Thanks to Phil Osborne of Lexington, director of the industry group FACES of Coal.
Linda J. Johnson, a member of the Online Team, grew up in Colorado where a love for the outdoors and things environmental was ingrained at a tender age. She has been with the Herald-Leader for 15 years.
- 'Beautiful' sponge threatens reefsIt's such a vibrant orange that divers think it's part of South Florida's colorful coral reefs.Click to Continue »
- A changing climate on saving wolvesOn an icy island wilderness near the tip of Minnesota, a female gray wolf's demise has added to the debate about whether authorities should try to save the wolves of…Click to Continue »
- Pizza goes green at N.C. StateFor the eco-friendly eater, the pizza box remains the most stubborn piece of trash - soaked in oil, gooey with burned cheese, impossible to recycle.Click to Continue »
- Diggin' In: Consider winter-blooming HelleboresWhile many branches are bare and most soil is frozen, you'll enjoy signs of spring when you plant winter-blooming Hellebores.Click to Continue »
- Tree carnage clobbering nature centersSean Duffy didn't even hear the warning crack! of the tree branch breaking.Click to Continue »
- Climate engineering ideas no longer considered pie in the skyAs international efforts to reduce greenhouse gas emissions stall, schemes to slow global warming using fantastical technologies once dismissed as a sideshow are getting serious consideration in Washington.Click to Continue »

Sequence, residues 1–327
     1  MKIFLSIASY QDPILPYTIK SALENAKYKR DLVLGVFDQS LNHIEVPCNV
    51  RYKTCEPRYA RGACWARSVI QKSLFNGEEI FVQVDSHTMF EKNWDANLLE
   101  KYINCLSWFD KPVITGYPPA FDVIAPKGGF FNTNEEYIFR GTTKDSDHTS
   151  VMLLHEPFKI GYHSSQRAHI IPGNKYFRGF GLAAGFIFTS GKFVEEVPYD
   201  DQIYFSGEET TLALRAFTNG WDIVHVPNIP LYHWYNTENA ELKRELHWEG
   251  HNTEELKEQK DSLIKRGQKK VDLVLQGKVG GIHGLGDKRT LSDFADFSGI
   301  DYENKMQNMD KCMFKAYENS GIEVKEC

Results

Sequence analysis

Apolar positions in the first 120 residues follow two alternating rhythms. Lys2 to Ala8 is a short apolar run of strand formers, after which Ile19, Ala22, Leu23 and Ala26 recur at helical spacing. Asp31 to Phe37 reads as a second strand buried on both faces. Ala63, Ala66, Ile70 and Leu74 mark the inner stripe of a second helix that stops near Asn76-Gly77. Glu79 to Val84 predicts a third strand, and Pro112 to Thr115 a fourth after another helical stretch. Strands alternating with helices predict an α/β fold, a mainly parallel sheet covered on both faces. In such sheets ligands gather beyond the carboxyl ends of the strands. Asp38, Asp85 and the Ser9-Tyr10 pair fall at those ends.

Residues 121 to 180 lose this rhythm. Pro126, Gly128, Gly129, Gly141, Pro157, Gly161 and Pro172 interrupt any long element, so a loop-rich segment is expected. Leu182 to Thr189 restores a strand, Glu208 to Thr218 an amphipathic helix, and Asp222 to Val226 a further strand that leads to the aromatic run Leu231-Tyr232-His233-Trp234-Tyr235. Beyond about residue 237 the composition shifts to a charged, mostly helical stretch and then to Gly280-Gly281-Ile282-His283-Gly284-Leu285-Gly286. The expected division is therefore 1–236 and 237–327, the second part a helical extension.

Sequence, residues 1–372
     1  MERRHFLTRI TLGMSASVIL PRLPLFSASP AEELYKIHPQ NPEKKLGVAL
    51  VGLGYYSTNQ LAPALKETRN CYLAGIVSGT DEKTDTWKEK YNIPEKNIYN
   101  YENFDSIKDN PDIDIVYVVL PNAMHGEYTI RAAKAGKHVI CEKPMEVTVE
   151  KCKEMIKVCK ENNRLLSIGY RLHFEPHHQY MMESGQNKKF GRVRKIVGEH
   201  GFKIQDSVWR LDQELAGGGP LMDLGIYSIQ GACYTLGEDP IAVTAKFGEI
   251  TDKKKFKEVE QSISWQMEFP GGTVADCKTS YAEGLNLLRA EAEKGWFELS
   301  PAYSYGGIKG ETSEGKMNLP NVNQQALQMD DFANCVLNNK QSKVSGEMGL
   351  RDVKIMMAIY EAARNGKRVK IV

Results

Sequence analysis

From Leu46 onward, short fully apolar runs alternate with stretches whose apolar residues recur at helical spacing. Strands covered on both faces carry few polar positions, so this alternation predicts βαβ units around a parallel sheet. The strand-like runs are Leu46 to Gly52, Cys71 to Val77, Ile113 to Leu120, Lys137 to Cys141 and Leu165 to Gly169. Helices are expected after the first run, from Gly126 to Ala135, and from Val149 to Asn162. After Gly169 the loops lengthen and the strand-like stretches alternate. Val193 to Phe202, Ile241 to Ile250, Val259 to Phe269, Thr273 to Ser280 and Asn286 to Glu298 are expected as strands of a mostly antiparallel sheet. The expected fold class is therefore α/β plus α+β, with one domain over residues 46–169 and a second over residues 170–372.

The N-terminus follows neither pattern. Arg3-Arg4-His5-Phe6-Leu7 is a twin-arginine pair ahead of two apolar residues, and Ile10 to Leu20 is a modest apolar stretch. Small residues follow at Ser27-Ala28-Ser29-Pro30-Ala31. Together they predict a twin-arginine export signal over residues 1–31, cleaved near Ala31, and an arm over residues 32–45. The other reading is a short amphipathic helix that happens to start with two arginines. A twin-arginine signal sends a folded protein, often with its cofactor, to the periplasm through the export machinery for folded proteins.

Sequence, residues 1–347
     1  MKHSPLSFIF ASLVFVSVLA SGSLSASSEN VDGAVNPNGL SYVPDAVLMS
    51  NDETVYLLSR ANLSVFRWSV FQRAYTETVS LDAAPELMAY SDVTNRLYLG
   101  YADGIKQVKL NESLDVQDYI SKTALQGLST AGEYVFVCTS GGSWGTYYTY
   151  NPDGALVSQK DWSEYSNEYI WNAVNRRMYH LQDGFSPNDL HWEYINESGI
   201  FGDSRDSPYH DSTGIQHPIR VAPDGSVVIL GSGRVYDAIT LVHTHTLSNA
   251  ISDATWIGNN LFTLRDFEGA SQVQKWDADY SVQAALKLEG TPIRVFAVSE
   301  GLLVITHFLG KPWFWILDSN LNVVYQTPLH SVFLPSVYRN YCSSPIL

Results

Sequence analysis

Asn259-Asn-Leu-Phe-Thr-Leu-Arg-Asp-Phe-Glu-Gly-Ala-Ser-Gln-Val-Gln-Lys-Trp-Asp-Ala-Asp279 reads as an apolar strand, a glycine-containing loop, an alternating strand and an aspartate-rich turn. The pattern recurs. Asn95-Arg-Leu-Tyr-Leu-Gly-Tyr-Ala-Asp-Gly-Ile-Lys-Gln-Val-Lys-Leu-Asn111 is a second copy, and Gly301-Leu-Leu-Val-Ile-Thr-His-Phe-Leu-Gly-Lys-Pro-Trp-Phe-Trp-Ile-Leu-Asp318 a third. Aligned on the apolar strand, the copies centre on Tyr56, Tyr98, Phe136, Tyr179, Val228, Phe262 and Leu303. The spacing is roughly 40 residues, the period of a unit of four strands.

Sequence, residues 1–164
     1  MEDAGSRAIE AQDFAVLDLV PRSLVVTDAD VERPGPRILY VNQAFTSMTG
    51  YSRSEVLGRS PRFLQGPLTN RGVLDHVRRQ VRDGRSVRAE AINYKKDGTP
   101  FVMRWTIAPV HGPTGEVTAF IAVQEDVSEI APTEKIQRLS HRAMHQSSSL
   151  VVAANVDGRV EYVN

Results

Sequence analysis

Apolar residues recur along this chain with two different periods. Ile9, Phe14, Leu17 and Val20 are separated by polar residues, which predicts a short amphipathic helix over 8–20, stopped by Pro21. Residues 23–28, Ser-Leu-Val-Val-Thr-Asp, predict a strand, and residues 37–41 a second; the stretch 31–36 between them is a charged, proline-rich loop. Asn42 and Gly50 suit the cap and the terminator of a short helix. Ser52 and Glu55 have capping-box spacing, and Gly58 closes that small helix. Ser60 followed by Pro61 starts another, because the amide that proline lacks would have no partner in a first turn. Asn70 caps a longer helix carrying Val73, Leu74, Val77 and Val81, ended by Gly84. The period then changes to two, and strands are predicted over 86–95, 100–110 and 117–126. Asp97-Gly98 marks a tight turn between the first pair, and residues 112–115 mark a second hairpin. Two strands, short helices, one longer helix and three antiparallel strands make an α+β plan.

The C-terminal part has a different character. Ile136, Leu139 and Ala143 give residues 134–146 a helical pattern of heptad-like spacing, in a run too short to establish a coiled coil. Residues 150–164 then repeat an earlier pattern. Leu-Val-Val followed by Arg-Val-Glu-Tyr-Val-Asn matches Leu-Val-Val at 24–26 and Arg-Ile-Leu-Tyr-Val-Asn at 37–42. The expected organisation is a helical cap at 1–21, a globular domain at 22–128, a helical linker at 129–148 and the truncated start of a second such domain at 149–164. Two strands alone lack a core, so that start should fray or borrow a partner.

- Living Smart: Before you hire a landscaperReady to hire help to spruce up your property this year?Click to Continue »
- Coal ash poses a risk to Charlotte region's water supplyA pair of 80-foot-high earthen dams, one of them built in the Eisenhower era, stand between Charlotte's water supply and more than 5 billion pounds of coal ash.Click to Continue »
- Coal company to pay record $27.5 million fine for pollution in Kentucky, four other statesOne of the nation's largest coal companies will pay a record $27.5 million fine over violations of federal clean-water rules in Kentucky and four other Appalachian states.Click to Continue »
- Texas lake welcomes back paddlefish gone for yearsDeep beneath the surface of Texas' only naturally formed lake there used to swim a massive, open-mouthed dinosaur-era fish with a long snout and prized caviar. Now, decades after the…Click to Continue »